There is patently no legitimate overriding purpose independent of invidious racial discrimination which justifies this classification. The fact that Virginia prohibits only interracial marriages involving white persons demonstrates that the racial classifications must stand on their own justification, as measures designed to maintain White Supremacy. We have consistently denied the constitutionality of measures which restrict the rights of citizens on account of race. There can be no doubt that restricting the freedom to marry solely because of racial classifications violates the central meaning of the Equal Protection Clause.

Just in these short paragraphs there are references to “racial discrimination,” “distinctions drawn according to race,” “ancestry,” “racial classifications,” “the color of a person’s skin” — a dozen such references in all. This should be sufficient to demonstrate that Loving was not based on a generalized right to marry “the person of your choice,” but was rather based specifically on the Constitution’s clear prohibition of state-sponsored discrimination based on race.

Advocates for redefining marriage have also argued that same-sex couples have been denied the “fundamental right to marry,” an interest in “liberty” that courts have found to be implicit in the 14th Amendment’s “Due Process” clause, which says that no state shall “deprive any person of life, liberty, or property, without due process of law . . .”

Advocates of marriage redefinition point out that Loving was based on a “due process/fundamental right” argument, not just an equal protection one. True — but here is the entire text of the Court’s fundamental rights analysis in Loving:

These statutes also deprive the Lovings of liberty without due process of law in violation of the Due Process Clause of the Fourteenth Amendment. The freedom to marry has long been recognized as one of the vital personal rights essential to the orderly pursuit of happiness by free men.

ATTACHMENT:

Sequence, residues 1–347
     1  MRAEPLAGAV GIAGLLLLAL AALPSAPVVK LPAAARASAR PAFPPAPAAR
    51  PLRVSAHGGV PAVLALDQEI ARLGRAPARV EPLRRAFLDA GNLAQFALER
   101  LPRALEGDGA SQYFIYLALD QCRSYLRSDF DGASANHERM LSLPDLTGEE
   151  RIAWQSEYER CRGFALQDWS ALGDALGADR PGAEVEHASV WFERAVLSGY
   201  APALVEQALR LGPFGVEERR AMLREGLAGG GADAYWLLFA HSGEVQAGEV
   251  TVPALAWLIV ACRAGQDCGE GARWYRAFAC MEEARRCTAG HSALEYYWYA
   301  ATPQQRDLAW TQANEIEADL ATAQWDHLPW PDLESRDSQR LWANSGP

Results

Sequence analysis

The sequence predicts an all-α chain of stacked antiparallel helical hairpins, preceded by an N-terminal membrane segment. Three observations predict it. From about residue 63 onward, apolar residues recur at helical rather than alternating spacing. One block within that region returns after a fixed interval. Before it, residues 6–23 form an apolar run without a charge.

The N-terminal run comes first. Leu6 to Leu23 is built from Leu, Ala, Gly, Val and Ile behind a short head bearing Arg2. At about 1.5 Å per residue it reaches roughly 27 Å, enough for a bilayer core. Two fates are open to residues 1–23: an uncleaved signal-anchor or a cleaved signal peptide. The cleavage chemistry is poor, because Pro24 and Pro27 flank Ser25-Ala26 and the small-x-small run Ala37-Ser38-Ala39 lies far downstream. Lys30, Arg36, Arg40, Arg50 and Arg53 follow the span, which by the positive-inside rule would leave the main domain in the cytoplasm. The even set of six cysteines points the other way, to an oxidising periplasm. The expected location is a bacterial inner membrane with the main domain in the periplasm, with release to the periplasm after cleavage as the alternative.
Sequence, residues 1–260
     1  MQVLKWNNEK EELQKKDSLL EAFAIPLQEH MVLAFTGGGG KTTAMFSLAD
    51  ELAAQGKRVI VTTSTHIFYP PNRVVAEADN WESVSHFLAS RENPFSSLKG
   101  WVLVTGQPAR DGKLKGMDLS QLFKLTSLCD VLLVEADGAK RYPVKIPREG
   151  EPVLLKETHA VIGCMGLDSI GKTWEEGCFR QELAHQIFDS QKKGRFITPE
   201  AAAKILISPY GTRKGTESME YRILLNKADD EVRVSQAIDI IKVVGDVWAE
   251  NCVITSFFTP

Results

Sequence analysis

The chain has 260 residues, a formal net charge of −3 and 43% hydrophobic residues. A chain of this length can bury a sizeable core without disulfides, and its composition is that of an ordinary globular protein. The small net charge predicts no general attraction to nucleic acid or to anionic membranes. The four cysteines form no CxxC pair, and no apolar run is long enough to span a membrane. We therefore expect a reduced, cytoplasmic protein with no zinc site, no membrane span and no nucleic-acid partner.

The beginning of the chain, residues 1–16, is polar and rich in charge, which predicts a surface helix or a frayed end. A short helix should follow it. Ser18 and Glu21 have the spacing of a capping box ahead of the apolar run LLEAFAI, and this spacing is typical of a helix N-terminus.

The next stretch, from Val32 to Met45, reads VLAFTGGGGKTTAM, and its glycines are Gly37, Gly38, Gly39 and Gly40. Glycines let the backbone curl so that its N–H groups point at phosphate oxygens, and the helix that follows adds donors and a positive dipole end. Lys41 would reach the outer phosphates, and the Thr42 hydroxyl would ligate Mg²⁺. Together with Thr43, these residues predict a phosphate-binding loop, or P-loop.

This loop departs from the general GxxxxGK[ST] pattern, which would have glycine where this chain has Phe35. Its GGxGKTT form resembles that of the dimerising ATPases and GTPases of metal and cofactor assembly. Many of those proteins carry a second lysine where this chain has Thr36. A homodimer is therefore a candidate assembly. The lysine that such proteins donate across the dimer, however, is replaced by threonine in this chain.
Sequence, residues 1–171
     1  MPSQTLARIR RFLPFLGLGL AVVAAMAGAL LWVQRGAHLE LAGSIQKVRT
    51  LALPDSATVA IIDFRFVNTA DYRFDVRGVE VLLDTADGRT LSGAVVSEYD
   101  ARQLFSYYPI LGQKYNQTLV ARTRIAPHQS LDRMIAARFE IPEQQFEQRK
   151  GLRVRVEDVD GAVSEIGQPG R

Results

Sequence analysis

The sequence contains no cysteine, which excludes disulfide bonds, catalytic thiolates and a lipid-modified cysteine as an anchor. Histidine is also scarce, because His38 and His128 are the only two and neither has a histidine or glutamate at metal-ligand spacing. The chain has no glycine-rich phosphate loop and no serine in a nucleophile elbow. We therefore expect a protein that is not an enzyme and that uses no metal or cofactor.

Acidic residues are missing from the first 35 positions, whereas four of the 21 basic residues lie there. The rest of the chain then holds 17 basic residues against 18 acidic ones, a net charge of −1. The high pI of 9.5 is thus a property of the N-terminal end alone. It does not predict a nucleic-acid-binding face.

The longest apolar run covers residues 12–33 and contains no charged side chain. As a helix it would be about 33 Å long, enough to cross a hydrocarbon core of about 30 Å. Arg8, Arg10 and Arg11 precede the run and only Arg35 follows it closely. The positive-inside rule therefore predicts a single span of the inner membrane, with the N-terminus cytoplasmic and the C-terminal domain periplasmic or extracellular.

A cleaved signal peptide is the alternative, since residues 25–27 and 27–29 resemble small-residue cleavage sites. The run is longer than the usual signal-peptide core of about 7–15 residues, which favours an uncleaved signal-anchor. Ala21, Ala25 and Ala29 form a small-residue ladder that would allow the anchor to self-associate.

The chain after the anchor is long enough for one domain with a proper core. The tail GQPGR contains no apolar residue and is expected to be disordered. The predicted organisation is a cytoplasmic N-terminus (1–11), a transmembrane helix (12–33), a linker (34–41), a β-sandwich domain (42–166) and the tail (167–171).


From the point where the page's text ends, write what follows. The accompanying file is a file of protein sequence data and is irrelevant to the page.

Marriage is one of the “basic civil rights of man,” fundamental to our very existence and survival. Skinner v. Oklahoma, (1942). See also Maynard v. Hill, (1888). To deny this fundamental freedom on so unsupportable a basis as the racial classifications embodied in these statutes, classifications so directly subversive of the principle of equality at the heart of the Fourteenth Amendment, is surely to deprive all the State’s citizens of liberty without due process of law. The Fourteenth Amendment requires that the freedom of choice to marry not be restricted by invidious racial discriminations. Under our Constitution, the freedom to marry, or not marry, a person of another race resides with the individual and cannot be infringed by the State.

This part of the opinion was a scant 169 words out of over 2,500 in the decision. However, it, too, makes reference to “racial classifications” and “invidious racial discriminations.” There is thus no reason to believe that Loving forbids classifications on some basis other than race.

Numerous courts considering same-sex “marriage” lawsuits have rejected the Loving analogy. As the judge in a 2003 Indiana case (Morrison v. Sadler) noted, “Anti-miscegenation laws, because they interfered with the traditional marriage relationships in pursuit of opprobrious racial segregation policies, had no legitimate connection to the institution of marriage itself… . [W]hatever else marriage is about, it is not about racial segregation.” In contrast, however, “restrictions against same-sex marriage reinforce, rather than disrupt, the traditional understanding of marriage as a unique relationship between a woman and a man. Marriage traditionally and definitionally has had to do with the sex of each participant.”

A Superior Court in New Jersey came to a similar conclusion in a similar case (Lewis v. Harris) in 2003:

Plaintiffs’ reliance on decisions striking down statutes that prohibit interracial marriage is misplaced. These decisions derive from Constitutional amendments prohibiting racial discrimination and subjecting laws that classify individuals based on race to the highest level of scrutiny. No similar Constitutional provisions outlaw statutory classifications based on sexual orientation … . Comparing the State’s marriage statutes to laws perpetuating racial prejudice, therefore, is inapposite.

Individuals challenging bans on interracial marriage had a powerful weapon: Federal Constitutional provisions, passed by Congress and adopted by State Legislatures, that expressly prohibited States from denying recognized rights based on race. It was entirely appropriate for the courts to enforce those duly enacted Constitutional provisions by striking down statutes that made race a qualifying condition for access to a recognized right to marry. Plaintiffs, on the other hand, assert their claims in the absence of express Constitutional provisions supporting their position, and ask the court to circumvent the Legislative process by creating a right that has never before been recognized in this country.